Two bid for PTSB soured loans as regulatory pressure increases

Proposed Bill would force courts to consider additional factors in repossession cases

US private-equity firm Lone Star and hedge fund Elliott Management submitted binding final bids for €2.2 billion of non-performing PTSB loans.

US private-equity firm Lone Star and hedge fund Elliott Management submitted binding final bids for €2.2 billion of non-performing PTSB loans.

 

Having just two final bidders in the mix for €2.2 billion of non-performing loans (NPL) was probably not what Permanent TSB (PTSB) chief executive Jeremy Masding would have wanted.

While any corporate financier would tell you that it’s best to have three parties in the final shake-out to keep everyone honest, PTSB has to make do with US private equity firm Lone Star and hedge fund Elliott Management submitting binding final bids by a deadline on Wednesday evening. (Elliot’s involvement was first reported by the Irish Independent on Wednesday.)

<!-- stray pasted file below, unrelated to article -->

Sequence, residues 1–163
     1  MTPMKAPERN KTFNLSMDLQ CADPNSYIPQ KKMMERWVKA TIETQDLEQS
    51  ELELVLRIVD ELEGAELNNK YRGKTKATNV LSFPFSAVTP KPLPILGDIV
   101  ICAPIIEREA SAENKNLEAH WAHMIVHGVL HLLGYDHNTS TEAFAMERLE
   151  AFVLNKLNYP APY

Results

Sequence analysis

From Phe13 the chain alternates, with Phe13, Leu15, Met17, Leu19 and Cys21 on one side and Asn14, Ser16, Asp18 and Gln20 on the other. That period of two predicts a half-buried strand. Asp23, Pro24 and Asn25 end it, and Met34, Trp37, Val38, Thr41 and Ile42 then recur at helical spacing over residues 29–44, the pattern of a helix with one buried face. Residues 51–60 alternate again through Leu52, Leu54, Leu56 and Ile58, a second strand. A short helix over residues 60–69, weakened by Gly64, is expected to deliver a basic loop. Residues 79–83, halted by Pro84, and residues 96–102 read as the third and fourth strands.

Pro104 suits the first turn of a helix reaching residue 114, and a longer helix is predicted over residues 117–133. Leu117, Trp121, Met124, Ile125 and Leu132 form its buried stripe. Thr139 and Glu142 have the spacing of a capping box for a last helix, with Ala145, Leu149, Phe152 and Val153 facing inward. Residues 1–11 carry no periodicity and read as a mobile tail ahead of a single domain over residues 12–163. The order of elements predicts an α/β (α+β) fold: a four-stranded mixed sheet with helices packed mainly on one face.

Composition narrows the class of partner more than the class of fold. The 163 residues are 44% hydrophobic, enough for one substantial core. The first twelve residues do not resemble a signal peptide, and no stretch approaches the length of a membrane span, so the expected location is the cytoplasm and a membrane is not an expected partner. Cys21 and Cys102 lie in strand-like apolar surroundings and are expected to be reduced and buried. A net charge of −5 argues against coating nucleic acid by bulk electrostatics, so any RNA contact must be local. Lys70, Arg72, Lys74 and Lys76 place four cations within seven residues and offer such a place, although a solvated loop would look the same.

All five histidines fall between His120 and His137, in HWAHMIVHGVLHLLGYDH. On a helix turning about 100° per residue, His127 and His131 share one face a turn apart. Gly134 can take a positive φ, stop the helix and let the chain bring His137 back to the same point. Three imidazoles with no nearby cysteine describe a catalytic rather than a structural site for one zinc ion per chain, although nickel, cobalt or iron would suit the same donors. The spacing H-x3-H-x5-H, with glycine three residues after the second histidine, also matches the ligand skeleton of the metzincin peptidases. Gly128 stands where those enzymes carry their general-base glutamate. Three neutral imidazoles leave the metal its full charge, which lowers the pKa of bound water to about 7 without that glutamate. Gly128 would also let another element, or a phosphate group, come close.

However, it’s a wonder there are any buyers left out there, as it is becoming increasingly difficult for lenders to enforce security on mortgages deep in default. While there are many hard cases among the 30,000 owner-occupier loans that are 720 days behind in repayments in Ireland, there is also a sizeable amount of borrowers who have consistently refused to engage with their lender.

The latest proposed piece of legislation putting the frighteners on so-called vulture funds eyeing distressed Irish debt is a Bill that Minister for Justice Charlie Flanagan got Cabinet approval in late May to start drafting.

The Courts and Land and Conveyancing Law Reform Bill 2018, in seeking to enhance protections for home owners in mortgage difficulties, will force judges to look at a number of factors when considering an application for a repossession order in cases where a borrower is unable to avail of a personal insolvency remedy.

These include the circumstance of people resident in the home, the “proportionality” of the repossession application, as well as the amount a buyer paid for of a distressed loan if it had transferred from the original lender.

While it remains to be seen whether the actual Bill will ever be delivered, let alone make it through the Oireachtas, sources say this is enough to put off many potential NPL buyers even as banks come under increasing regulatory pressure to lower their levels of soured debt. With the majority of PTSB and AIB still in the hands of the State, taxpayers will ultimately pay the price.

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